Film Appreciation with K S Sivakumaran:
Early Tamil films
When we talk about films made in the Tamil language we really speak
about films made in neighboring India.
Although more than a score f films had been made in this country in
Lankan Tamil films fall short of quality and quantity. There is evidence
of advanced technology used and one could discern new way of treatment
of stories in contemporary Indian Tamil films.
The film industry in India has progressed very fast and films
produced in Chennai (Kodambakkam) outnumber the number of films produced
in other parts of India. This is so particularly in some years.
However I don't watch many Tamil films at present due to various
reasons. Earlier, particularly after the 1950s, I had seen fairly good
number of entertaining Tamil films that suited my taste and
understanding of the medium of cinema then.
Like me there might have been some vintage readers who could have
enjoyed such films earlier. For the benefit of young readers let me
mention in passing some striking aspects in old Tamil films.
Reading about the Tamil Cinema, we learn that it has an 80 years
history since 1931. During the first decade of the 1939s a great number
of films were musicals in the sense there were lots of songs and actors
who could sing held sway.
The Thiravida Munnetra Kalagam (DMK) became an embryonic political
force in Tamilandu state in the 1940s. Two of the writers belonging to
this camp eventually became the Chief Ministers of the State. They were
the late C N Annathurai and the now ousted Chief Minister, M Karunanithi.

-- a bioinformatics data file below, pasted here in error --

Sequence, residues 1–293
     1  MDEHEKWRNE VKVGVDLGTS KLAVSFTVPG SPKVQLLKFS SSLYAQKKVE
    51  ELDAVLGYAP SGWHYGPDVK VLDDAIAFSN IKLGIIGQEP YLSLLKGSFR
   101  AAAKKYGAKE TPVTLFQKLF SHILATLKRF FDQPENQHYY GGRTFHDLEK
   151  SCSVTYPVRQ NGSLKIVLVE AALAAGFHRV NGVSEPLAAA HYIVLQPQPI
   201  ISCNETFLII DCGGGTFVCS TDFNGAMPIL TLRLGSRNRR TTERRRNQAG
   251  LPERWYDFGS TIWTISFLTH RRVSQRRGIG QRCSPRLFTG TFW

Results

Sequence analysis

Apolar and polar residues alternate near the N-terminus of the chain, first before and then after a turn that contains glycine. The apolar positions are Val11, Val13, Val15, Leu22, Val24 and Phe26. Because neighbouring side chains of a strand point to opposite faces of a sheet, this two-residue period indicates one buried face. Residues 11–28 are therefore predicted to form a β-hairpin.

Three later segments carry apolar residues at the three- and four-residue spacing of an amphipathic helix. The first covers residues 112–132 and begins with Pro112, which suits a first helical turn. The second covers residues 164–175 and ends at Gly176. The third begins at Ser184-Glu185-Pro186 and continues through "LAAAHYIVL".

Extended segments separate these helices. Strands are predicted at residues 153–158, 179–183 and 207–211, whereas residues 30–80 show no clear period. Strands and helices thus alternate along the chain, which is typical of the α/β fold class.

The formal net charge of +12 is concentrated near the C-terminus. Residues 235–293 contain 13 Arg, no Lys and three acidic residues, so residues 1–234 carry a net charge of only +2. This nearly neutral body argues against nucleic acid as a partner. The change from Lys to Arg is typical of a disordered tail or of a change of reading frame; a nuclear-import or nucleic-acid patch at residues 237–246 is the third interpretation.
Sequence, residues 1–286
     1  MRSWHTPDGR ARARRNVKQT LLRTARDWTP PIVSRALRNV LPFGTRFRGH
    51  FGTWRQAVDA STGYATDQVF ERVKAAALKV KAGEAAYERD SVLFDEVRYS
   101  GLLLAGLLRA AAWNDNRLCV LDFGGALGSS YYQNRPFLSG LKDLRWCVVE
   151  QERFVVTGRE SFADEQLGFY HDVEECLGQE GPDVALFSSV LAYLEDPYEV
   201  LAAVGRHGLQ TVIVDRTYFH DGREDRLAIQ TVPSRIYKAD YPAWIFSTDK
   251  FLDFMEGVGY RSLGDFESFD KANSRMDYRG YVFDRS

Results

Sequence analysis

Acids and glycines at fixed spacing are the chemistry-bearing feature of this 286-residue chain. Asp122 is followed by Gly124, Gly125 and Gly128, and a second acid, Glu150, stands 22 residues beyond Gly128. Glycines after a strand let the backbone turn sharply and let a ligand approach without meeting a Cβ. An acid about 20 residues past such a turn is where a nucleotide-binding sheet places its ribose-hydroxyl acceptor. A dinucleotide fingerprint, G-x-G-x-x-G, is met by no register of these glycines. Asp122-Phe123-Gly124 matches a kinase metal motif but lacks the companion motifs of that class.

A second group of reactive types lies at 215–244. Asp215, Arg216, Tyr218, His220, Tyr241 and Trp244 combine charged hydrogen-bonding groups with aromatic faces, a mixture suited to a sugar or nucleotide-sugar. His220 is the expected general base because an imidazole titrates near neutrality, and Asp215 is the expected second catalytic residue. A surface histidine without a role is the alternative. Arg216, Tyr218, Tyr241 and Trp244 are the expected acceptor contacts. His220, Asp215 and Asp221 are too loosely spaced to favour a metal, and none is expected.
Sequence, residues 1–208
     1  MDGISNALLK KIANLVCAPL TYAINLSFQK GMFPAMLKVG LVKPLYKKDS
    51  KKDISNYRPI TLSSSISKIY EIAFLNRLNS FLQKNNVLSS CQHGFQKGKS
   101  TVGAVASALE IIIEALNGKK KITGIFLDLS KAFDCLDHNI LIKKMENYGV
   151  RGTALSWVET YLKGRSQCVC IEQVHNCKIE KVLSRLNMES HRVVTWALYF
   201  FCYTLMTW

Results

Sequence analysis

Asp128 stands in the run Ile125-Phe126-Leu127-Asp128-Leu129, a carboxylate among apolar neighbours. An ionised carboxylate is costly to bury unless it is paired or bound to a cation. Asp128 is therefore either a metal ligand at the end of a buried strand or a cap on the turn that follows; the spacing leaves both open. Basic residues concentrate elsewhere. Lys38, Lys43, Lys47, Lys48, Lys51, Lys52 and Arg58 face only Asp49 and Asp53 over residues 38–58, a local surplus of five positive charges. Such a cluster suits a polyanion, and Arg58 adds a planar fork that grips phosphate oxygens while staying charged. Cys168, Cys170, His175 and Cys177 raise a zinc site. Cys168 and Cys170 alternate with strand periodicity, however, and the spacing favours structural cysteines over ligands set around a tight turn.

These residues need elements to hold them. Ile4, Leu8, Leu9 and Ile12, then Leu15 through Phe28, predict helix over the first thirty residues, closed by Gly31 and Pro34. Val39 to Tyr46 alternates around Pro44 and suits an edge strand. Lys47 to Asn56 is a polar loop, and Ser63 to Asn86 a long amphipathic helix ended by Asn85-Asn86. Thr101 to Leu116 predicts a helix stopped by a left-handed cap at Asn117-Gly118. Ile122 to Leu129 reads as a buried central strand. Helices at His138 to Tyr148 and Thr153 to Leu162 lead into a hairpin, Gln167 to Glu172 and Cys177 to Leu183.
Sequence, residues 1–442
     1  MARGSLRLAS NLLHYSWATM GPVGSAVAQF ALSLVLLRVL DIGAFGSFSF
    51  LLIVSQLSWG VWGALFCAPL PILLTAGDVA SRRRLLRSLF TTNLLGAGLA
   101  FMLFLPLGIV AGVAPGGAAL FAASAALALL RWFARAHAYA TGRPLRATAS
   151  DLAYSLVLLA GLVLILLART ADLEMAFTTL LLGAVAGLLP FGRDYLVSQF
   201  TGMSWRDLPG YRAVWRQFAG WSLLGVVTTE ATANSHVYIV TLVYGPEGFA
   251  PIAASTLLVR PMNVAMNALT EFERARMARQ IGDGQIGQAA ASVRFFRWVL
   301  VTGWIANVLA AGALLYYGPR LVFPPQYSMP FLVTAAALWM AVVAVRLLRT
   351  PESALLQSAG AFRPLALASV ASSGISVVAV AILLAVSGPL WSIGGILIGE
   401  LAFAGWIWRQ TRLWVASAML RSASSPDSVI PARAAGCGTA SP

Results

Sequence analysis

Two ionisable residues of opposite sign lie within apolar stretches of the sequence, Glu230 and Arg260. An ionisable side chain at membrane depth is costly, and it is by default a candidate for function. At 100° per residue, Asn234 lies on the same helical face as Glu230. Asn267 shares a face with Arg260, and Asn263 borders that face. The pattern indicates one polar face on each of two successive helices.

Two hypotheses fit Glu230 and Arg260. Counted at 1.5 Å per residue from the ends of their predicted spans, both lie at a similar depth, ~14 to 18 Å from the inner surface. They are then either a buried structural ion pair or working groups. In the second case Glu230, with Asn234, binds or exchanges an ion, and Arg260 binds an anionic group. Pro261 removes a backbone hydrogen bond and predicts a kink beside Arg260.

Ironically the present C M of the State, Jeyaram Jeyalaltha was also a
dancer and actor in South Indian films. So politics and cinema in Tamil
Nadu is intertwined.
The 1949 film 'Velaikaari' (Servant Woman) was based on a novel by C
N Annathurai, and directed a man with Lanka connection A S Saami. It set
a new pattern in making a film with social consciousness. The idea of
making purposeful films led to underline the significance of story and
dialogue to communicate with the masses.
Parasakthi (The Goddess Shakthi) introduced the late Chevalier Sivaji
Ganshan who gave expression to the largely satirical story and brilliant
dialogue of Muthuvelu Karunanithi by his histrionic acting that also
exhibited his innate talents to vary his acting style with distinct
There were films earlier too pinpointing social imbalances in feudal
societies. For instance the film 'Nanthanaar' depicted the caste
problem. WE are informed that this folk epic of also-called low caste
devotee has been filmed five times. I liked the songs sung by the
Professor of Carnatic Music, M M Thandapaanui Thesigar who played the
main role in the film.
Another sterling figure in the Tamil film of yester year was the
singer M K Thiyagarajah Baagavathar. 'Haridas', 'Sivakavi', Thiruneela
Kandar were few of his films that delighted the audiences then.
Subramaniam Krishnaswami is considered one of the authentic authors on
Indian Cinema. His father was a pace-setter in making Tamil films. His
name was K Subramaniam. He realized the cinema was 'an effective tool of
communication to be used as mirror to holdup and reveal the workings of
Another film of great significance was 'Ambigapathy' directed by an
American Ellis R Dungan. The story had some resemblance to Shakespeare's
'Romeo and Juliet'.